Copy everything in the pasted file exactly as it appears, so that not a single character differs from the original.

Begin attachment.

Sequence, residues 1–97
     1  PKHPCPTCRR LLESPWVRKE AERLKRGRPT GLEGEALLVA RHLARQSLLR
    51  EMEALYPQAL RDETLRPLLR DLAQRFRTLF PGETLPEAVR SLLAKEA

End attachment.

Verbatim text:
Sequence, residues 1–97
     1  PKHPCPTCRR LLESPWVRKE AERLKRGRPT GLEGEALLVA RHLARQSLLR
    51  EMEALYPQAL RDETLRPLLR DLAQRFRTLF PGETLPEAVR SLLAKEA